A lot of people say “he’s a pro” and mean “that person is very skilled, despite the fact he does something else for a living.” Those people use the word wrong.
A professional writer gets paid to write. You don’t have to write as your sole source of income (although I’m here to tell you it’s pretty great when you can). You don’t even have to get paid in money. But that’s the real difference between a pro and an amateur, no matter how gifted. Which brings us to Rule 3:
Most amateur writers I know face three major obstacles when it comes to getting paid. All three are fallacies.
Fallacy #1: Anybody can write. Nobody will pay me to do what they can do for free.
It’s true most people can write. But few people can write well, and even fewer of those who can will write for somebody else, on that other person’s schedule. A lot of business owners and executives lack the time to write, even if they can do it pretty well.
Further, the Internet makes it exponentially easy to get words out to people — though it’s playing merry Hobb with the print publishing industry, the web means there’s a greater demand for words than ever before. It’s not hard to sell your words if you make them high-quality.
Fallacy #2: I can’t find any clients, and don’t know how to look.
This one gets under my skin sometimes, even to this day. Freelancing means you lose clients from time to time through no fault or drama of your own. The contract expires, the company goes under, they decide to try something else. Last month that happened with over $2000/month worth of business and I panicked for the better part of the day. But there are many, many, many fish in that particular sea. Consider the list below:
- Professional blogging for businesses
- Writing your own blog for sales and advertising
- Developing business documents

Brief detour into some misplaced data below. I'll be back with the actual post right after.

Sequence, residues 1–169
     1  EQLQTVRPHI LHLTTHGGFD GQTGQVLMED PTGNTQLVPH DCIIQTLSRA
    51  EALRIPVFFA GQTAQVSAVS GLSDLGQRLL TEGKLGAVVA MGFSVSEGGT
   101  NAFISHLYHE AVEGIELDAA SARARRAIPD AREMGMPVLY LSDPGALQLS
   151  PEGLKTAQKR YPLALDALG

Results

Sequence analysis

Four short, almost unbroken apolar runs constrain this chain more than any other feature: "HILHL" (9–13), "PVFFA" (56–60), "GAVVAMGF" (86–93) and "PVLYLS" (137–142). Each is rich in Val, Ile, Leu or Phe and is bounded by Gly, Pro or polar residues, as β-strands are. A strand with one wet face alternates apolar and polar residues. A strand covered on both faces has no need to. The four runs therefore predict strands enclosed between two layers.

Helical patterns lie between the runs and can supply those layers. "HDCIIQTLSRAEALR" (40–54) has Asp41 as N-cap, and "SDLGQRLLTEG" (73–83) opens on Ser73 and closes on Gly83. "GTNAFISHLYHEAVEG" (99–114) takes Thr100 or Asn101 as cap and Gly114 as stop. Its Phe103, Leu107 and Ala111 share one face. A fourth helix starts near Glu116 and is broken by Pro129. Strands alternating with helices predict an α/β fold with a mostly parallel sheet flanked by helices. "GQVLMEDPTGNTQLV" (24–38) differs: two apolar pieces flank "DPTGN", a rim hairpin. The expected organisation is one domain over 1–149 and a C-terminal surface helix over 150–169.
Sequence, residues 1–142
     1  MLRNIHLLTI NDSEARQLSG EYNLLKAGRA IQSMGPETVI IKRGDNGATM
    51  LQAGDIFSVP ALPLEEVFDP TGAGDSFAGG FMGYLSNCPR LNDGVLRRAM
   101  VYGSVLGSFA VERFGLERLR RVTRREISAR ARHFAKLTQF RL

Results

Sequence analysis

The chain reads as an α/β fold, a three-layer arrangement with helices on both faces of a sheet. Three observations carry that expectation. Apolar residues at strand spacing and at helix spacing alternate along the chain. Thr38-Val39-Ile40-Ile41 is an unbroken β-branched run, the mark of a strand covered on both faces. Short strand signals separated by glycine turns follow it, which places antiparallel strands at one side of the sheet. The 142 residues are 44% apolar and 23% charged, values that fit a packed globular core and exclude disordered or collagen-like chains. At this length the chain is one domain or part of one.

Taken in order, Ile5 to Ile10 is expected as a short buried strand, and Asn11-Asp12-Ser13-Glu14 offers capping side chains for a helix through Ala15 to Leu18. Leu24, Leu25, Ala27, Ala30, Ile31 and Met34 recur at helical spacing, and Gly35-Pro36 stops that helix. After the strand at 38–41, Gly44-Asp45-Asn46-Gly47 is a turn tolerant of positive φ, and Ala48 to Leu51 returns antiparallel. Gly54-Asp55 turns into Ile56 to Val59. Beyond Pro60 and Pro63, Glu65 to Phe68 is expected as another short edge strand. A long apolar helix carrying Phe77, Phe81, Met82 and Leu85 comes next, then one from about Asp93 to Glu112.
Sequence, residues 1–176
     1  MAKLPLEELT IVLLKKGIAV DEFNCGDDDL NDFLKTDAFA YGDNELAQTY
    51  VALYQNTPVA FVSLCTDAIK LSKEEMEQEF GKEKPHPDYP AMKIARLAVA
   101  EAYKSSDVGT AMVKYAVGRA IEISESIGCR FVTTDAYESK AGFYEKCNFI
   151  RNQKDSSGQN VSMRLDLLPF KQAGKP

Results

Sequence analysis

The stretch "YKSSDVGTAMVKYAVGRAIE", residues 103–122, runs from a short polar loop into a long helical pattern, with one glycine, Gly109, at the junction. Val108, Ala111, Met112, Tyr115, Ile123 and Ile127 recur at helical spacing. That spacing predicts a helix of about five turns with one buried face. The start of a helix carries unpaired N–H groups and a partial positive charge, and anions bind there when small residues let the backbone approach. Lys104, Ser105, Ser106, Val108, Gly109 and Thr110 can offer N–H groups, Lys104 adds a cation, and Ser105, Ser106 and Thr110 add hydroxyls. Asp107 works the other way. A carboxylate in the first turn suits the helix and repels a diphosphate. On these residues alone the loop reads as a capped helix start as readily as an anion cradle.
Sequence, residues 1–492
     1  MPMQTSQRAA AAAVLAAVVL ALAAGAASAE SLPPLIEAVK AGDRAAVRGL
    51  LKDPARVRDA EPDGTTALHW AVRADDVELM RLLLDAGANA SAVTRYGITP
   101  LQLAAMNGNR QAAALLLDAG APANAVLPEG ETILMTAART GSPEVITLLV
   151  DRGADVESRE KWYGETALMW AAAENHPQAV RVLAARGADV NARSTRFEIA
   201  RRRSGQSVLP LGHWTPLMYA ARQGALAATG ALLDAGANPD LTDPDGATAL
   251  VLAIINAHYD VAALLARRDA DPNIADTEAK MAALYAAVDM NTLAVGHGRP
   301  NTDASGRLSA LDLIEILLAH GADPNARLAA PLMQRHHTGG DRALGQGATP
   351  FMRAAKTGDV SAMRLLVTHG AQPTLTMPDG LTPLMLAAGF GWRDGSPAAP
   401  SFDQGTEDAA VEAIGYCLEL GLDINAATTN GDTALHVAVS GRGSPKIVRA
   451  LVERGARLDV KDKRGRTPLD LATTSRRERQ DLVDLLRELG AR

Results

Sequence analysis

- Technical writing
- Writing grants
- Business plans and venture capital proposals
- Nonfiction articles
- Ghostwriting books
- Ghostwriting blogs
- Advertising copy
- Legal SEO
- Informational SEO
- Social media releases
- Press releases
- Local newspapers
- Regional magazines
- Print magazines
- Ebooks and print-on-demand books
- Print books
These are all markets that pay real money for good words. The top tier of many pay a dollar or more for each word you produce. Hundreds of professional writers derive their sole income writing in just one of these categories — often in a subcategory within it.
Or you can be a “writing slut” like me and turn out words about whatever somebody is willing to pay you to do.
Fallacy #3: I hate sales.
The fallacy here isn’t the belief that you hate sales. That might be true (but probably isn’t). The fallacy here is the idea that it matters.
Doesn’t matter who you are, you’re going to sell stuff. Some people sell goods and services for money. If you’re not one of them, you still sell ideas all the time. You made a sale when you got your last job, when you asked your spouse to marry you, when you talked your kid into doing the dishes.
Sales is just convincing somebody to do something, and works best then that something is to their benefit. Since you already know that buying your words is good for the client, these sales aren’t hard.
The trick is getting over the fallacy and forcing yourself to start asking for business. Once you do that, the sales stuff gets easier with every single query.
How about y’all? What other fallacies are standing in the way of getting paid for what you write? Let’s talk about (ruthlessly eradicate) them in the comments.